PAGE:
In the part 7 of our series we re-measured the cold start of the Lambda function with Corretto Java 11 runtime and SnapStart enabled after AWS fixed the "Restore Duration" time displayed in the CloudWatch (Logs). You can refer to the part 7 to review the results of our measurements. As SnapStart is also supported with Java 17 runtime directly from the beginning I was curious what cold start we will get with Java 17 with SnapStart enabled.
For measurement purposes I created/copied the sample application and configured Lambda functions to use Java 17 runtime for Lambda and 1024 MB memory .
Now we use the same CloudWatch Logs Insights Query as we used in the part 7 of our series. We also enable SnapStart for both our Lambda functions GetProductByIdWithPureJava17Lambda (without priming) and GetProductByIdWithPureJava17LambdaAndPriming (with priming of DynamoDB invocation) and after approximately 100 cold starts we got the following durations:
|cold start time w/o Priming
|cold start time with Priming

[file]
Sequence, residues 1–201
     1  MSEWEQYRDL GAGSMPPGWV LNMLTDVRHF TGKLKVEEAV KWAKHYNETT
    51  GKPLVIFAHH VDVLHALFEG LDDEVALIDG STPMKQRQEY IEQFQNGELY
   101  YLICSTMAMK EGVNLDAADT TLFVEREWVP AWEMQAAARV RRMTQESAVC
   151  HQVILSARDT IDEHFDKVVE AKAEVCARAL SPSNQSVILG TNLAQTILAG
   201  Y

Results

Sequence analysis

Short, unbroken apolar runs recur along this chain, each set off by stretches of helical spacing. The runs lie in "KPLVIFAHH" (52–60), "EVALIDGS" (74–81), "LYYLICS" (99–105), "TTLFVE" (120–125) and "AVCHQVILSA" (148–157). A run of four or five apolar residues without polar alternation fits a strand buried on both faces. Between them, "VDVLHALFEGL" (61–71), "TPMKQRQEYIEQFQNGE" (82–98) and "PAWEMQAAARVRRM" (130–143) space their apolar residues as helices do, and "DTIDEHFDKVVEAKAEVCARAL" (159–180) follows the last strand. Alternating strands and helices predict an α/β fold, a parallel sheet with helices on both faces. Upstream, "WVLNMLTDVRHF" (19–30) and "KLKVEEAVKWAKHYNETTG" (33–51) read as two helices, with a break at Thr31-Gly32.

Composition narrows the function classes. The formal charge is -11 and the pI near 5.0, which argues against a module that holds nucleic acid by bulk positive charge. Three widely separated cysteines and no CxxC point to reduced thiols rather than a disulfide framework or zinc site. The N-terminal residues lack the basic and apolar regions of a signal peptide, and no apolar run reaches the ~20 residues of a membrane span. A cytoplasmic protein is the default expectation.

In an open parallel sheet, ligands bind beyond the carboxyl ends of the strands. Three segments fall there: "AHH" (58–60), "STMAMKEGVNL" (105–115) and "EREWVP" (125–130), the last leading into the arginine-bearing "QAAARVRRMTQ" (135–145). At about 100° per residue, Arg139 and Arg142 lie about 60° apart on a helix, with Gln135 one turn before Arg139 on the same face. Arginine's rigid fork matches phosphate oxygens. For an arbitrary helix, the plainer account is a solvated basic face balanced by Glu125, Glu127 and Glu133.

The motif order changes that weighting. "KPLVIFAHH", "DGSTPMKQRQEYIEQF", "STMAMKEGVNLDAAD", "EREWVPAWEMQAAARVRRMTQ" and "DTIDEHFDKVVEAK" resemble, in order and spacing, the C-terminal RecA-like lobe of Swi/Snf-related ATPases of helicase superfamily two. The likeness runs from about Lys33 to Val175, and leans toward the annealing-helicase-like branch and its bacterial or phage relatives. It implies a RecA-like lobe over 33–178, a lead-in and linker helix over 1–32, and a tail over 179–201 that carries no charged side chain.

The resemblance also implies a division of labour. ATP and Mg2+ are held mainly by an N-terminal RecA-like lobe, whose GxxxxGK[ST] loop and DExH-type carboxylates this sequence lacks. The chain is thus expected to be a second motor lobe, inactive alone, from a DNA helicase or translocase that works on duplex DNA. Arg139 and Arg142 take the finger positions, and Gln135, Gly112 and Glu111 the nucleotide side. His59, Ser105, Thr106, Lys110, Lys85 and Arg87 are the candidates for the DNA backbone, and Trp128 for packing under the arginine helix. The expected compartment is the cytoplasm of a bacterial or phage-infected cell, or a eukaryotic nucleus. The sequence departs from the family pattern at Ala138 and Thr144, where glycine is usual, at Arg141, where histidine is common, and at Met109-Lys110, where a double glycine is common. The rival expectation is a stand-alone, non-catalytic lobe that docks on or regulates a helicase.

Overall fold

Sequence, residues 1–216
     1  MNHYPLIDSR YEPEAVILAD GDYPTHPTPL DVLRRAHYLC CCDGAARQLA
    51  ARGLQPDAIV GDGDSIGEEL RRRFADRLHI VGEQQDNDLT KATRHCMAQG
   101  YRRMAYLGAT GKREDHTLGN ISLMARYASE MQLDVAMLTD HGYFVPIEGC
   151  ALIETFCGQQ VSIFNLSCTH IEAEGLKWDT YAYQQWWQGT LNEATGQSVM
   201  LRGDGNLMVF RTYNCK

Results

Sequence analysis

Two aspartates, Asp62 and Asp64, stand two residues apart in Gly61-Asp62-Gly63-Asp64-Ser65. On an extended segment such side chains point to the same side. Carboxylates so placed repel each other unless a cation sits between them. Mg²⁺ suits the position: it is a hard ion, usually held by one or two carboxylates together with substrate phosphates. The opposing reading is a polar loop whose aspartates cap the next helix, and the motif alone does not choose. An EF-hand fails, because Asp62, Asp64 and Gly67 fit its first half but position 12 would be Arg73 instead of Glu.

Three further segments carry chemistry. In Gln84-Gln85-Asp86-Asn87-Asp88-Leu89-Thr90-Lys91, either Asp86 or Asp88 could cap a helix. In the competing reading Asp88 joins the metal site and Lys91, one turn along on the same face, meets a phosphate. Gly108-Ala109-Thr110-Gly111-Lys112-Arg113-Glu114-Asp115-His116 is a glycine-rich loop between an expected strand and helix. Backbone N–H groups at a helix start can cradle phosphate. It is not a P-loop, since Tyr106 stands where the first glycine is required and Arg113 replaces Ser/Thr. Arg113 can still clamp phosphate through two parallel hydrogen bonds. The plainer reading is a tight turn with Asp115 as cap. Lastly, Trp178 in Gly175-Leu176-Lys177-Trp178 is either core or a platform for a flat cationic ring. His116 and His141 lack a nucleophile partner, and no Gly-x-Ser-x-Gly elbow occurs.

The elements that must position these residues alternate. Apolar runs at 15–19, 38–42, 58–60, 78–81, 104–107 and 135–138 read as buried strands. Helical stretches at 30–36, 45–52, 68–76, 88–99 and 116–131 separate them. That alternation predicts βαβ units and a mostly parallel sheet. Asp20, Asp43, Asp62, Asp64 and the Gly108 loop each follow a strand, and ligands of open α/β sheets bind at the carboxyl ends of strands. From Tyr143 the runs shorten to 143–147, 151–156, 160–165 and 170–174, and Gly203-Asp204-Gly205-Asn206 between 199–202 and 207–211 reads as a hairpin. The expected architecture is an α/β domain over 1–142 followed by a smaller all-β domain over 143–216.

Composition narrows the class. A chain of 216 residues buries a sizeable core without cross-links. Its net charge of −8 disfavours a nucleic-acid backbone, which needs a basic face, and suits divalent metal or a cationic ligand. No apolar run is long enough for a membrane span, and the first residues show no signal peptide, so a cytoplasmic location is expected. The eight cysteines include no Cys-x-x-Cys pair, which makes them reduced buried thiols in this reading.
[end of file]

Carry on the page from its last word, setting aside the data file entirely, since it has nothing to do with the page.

For the cold start times measured with Java 11 and Java 17 runtimes with SnapStart enabled and additionally with and without priming of DynamoDB invocation we got very comparable results. For some percentiles Java 17 cold starts were a bit lower, but this may depend on the executed measurements. This was also my expectation before I started these measurements as SnapStart is based on the whole Firecracker microVM snapshot create and restore phases. And the latter phase is occurring during the cold start of the Lambda function and will probably take similar amount of time independent on the Java runtime version used as JVM restore is only a part of the whole microVM restore. In the next article of series I’d like to share some thoughts on how AWS can further improve its offering around reducing cold starts on AWS Lambda with Java Runtime and also developer experience.